Archives for posts with tag: Vogue Italia

Lost in Details, Arizona Muse, Paolo Roversi, Vogue Italia, Mars 2012, Retro, Scrapbook, Prada

Arizona Muse rocks the retro 1950’s 1960’s look through the form of an eloquently elegant scrapbook in the March 2012 editorial of Vogue Italia. Titled “Lost In Details” it’s almost all Prada all the time and there is inspiration enough here to get lost in. Images taken through the crafty lense of Paolo Roversi are dynamically cut, cropped and collaged in ways that bring a beautiful extra dimension to what already exists in its original form. For a peek behind the genius:

Vogue Italia, March 2012 Couture Supplement, Christian Dior, Paolo Roversi, Vogue Italia, Valentino, Givenchy, Giambattista Valli, Chanel, Marie Piovesan, Jean Paul Gaultier, Atelier Versace, Armani Privé, Aspinal of London, A Lady In Spring

No one plays with shadow and light like Paolo Roersi. His crafty blend of scullduggery stirs the beautiful and the curious with haunting elegance for Vogue Italia’s March 2012 Couture Supplement titled “A Lady In Spring”. Shadowed by birds, insects and a variety of other flora, Marie Piovesan is cloaked in an array of spring 2012 couture collections: Valentino, Givenchy, Giambattista Valli, Chanel, Christian Dior, and Armani Privé to name a few. And it has rarely been more glamorous to be “masked” in eyewear, which makes the mystery all the more decadent.

Keepin’ it Surreal, Givenchy, Louis Vuitton, Viktor & Rolf, Prada, Dolce & Gabbana, Bottega Veneta, Steven Meisel, Elsa Schiaparelli, Tim Burton, Salvador Dalí, Laura Kampman, Vogue Italia, February 2012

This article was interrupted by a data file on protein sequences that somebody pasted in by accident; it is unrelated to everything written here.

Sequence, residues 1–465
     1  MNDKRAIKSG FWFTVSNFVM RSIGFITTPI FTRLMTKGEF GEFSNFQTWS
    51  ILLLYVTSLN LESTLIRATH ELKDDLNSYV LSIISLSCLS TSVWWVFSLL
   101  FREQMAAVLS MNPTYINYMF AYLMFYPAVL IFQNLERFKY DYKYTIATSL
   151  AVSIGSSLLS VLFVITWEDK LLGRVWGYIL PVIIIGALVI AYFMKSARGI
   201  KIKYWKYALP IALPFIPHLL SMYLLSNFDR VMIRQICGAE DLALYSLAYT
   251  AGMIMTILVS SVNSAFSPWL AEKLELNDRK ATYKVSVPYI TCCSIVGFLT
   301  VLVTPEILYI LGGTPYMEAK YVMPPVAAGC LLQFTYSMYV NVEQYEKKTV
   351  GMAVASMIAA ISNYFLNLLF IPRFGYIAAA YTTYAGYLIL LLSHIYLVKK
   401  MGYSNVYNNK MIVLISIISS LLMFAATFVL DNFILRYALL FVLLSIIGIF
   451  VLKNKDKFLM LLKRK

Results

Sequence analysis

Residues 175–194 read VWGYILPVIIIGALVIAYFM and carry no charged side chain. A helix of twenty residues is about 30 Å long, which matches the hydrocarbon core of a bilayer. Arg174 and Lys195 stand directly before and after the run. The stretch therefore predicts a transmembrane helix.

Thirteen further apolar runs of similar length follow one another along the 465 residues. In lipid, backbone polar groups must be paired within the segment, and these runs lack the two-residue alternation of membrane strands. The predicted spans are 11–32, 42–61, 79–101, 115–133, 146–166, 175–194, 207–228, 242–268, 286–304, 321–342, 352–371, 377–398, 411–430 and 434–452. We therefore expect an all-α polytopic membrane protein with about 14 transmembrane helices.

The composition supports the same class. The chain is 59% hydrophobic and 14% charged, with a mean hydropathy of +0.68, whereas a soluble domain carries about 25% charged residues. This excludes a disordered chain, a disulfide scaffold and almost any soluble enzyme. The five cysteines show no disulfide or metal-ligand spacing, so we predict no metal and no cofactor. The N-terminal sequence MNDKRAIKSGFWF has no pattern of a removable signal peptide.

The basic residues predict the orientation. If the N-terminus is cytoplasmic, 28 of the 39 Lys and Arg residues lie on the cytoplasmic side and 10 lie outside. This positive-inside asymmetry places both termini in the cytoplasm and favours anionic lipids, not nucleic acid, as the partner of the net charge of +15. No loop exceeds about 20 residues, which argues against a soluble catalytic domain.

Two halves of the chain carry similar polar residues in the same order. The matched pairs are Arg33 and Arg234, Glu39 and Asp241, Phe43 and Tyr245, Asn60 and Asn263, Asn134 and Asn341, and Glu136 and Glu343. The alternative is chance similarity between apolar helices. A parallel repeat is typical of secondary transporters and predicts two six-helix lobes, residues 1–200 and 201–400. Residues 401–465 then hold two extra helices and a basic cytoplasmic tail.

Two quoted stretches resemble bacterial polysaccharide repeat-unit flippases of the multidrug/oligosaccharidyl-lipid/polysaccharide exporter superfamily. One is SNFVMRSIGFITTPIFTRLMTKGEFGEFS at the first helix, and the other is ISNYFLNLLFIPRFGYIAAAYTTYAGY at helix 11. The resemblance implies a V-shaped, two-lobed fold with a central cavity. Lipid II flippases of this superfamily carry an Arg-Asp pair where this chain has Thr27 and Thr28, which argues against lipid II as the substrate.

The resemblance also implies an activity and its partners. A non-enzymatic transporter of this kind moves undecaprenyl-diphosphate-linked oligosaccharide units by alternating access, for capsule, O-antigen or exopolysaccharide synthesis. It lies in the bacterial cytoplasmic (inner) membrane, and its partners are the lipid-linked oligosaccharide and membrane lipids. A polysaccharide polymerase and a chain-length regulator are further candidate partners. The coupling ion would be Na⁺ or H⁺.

In a surreal twist for spring, Steven Meisel recently tapped into the playground of Elsa Schiaparelli, Salvador Dalí, and possibly even Tim Burton with a dark, haunting beauty that is both ethereal and unyielding. Through the black and white, blurred, and cinematic narrative, he has crafted a tale unlike the usual editorial – something we might expect from this man who boldly blends fashion with cultural and political commentary. Thanks for Keepin’ it Surreal, Steven.

Wasted Luxury, Saskia de Brauw, Julia Saner, Milou, Steven Meisel,Vogue ItaliaSteven Meisel never wastes color. In fact he uses it ever-so-wisely as seen in “Wasted Luxury” for Vogue Italia. While he does have have a signature look, with each editorial and ad campaign, there are always dynamic twists present. The darkness here is lush and colors decadently seep out if it. It is true color luxury.

NEO-Romantic, Vogue Italia, Emma Summerton, Imogen Morris Clarke, Abbey-Lee Kershaw, Gemma Arterton, Rodarte, Chanel, Roberto Cavalli, Karl Lagerfeld, Alexander McQueen, Nina RicciEmma Summerton takes us on a delightful fashion romp in Vogue Italia‘s “NEO-romatic” with the likes of Rodarte, Chanel, Roberto Cavalli, Karl Lagerfeld, Alexander McQueen, and Nina Ricci (just to name a few). Her attention to detail and ability to showcase both wardrobe and accessories at at their best is what I find sets her work apart. The blue and gold color palette here is exquisite and the compositions are paired down to perfection. She has also achieved a masterful balance of pattern and texture. Emma is currently working on a book of unpublished self-portraits, which I eagerly await and her video work starring Gemma Arterton is terrific: